Enjoying the StarCraft II beta? Well, you’d better get your fill while you still can, because come May 31, you’ll have to get your spacefaring RTS fix elsewhere. That’s right: beginning in less than two weeks, you’ll have to go without StarCraft II for nearly two months.
“We’d like to thank all of our beta-test participants for your enthusiasm, dedication, and valuable feedback during the beta test, and we look forward to hearing more of your thoughts on the StarCraft II beta test as the game’s July 27 launch approaches,” Blizzard said.
The beta will, however, have one last hurrah in July, a couple weeks before StarCraft II officially launches. In the meantime, Blizzard will be making “some hardware and software configuration changes in preparation for the final phase of the beta test and the release of the game.”
Dumb Blizzard and your obsessive perfectionism. Maybe, if your games weren’t so polished and fun to play, we wouldn’t forget we were playing a beta and end up disappointed when it comes to an end. Seriously, did you ever think of our feelings?
Pinch yourself. Now look around the room and make sure there aren’t any random celebrities embroiled in madcap mud-wrestling battles. Done? Ok, now that we’ve proven you’re not dreaming, feel free to starting hooting, hollering, and dancing embarrassing little jigs, because StarCraft II is coming. Better still, it’s only a few months away. Mark your calendars and cancel your summer vacation plans, folks, because StarCraft II’s launching worldwide on July 27, 2010.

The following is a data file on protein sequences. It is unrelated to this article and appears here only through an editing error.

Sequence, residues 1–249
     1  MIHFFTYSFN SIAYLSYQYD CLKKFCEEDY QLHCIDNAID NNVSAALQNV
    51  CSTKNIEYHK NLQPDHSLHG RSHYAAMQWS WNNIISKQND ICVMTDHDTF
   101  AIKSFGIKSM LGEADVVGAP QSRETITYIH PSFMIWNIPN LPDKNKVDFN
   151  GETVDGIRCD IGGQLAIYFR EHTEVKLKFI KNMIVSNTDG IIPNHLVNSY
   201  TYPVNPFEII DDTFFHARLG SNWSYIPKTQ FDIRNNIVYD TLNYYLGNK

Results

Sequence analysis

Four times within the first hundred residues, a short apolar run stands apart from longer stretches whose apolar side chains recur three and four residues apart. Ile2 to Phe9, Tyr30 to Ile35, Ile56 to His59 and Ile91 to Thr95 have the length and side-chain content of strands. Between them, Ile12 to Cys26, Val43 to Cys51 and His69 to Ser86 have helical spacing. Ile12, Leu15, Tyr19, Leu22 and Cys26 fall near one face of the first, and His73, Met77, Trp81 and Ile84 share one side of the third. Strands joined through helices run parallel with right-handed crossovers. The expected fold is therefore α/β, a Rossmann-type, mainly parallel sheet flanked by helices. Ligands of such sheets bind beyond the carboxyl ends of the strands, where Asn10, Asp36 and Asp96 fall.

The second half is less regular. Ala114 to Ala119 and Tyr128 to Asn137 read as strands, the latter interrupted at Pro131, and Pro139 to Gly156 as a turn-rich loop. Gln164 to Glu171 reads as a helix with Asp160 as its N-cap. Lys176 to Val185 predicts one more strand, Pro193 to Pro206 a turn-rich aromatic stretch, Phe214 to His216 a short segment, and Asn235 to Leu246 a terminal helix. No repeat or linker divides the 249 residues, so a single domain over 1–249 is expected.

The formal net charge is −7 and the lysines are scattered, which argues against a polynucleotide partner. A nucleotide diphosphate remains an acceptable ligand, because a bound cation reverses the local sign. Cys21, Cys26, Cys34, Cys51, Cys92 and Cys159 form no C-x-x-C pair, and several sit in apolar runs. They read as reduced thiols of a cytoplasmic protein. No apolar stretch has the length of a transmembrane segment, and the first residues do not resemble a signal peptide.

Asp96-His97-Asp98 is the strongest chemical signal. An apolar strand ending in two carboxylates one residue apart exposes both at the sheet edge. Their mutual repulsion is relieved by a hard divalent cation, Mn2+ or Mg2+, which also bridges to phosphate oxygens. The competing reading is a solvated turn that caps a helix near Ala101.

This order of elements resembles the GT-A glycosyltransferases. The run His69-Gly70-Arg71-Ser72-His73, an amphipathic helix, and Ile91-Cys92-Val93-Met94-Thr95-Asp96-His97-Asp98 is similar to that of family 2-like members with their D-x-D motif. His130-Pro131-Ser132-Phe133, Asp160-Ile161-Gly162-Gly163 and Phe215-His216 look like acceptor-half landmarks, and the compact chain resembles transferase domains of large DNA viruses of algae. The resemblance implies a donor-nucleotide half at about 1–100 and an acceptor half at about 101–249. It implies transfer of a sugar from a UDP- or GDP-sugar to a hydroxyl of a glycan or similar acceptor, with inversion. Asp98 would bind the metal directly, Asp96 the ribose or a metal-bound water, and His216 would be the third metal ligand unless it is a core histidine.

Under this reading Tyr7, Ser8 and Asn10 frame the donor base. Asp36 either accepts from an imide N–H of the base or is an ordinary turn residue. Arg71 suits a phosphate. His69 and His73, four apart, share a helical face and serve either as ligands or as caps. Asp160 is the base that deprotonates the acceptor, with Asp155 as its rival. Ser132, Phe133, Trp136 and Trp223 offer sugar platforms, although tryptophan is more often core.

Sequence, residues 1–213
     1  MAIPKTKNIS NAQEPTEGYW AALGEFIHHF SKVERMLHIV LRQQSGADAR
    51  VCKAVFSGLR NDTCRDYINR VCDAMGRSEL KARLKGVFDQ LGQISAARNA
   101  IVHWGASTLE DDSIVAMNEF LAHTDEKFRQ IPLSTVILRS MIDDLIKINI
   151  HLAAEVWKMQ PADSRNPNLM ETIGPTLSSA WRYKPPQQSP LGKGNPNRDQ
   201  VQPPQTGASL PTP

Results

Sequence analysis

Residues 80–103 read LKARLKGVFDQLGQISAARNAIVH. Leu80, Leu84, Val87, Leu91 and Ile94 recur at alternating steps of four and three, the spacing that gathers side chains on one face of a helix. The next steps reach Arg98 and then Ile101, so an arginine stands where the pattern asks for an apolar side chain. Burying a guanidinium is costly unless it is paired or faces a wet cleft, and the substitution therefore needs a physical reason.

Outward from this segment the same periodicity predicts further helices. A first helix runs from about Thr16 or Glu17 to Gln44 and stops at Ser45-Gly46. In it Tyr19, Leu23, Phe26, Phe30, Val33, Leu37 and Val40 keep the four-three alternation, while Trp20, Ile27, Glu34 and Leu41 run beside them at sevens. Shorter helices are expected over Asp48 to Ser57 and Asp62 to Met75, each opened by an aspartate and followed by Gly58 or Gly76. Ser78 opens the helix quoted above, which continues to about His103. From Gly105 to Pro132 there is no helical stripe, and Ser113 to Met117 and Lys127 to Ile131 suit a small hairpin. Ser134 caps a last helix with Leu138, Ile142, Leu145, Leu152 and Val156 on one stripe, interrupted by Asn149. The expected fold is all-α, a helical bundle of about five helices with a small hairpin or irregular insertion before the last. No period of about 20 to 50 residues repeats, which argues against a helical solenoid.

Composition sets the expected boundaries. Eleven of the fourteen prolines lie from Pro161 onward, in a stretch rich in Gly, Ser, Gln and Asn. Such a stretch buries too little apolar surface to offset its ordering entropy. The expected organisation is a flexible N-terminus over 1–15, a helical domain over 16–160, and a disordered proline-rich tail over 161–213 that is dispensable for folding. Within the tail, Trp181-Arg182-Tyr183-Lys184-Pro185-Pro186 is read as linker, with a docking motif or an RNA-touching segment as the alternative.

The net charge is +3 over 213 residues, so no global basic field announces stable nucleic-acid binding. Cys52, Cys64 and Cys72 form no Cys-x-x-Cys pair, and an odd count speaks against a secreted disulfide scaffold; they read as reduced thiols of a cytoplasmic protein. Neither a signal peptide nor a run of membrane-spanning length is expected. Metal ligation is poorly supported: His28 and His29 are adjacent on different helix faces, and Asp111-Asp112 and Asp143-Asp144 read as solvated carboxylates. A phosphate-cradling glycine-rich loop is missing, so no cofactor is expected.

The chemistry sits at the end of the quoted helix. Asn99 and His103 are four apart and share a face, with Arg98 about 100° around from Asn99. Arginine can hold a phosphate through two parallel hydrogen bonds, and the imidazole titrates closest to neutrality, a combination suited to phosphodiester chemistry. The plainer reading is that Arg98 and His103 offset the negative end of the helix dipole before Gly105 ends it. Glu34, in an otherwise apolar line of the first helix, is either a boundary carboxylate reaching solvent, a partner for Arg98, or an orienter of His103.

“We’ve been looking forward to revisiting the StarCraft universe for many years, and we’re excited that the time for that is almost here,” said Mike Morhaime, CEO and cofounder of Blizzard Entertainment. “Thanks to our beta testers, we’re making great progress on the final stages of development, and we’ll be ready to welcome players all over the world to StarCraft II and the new Battle.net in just a few months.”
There is, however, a bit of a catch: you won’t be downloading the game online. At least, not initially. If you’re hoping to join the fray on day one, you’ll be forced to jump through whatever hoops your local game retailer has decided to set up. Fortunately, StarCraft II will invade Blizzard’s online store “shortly after” its retail release.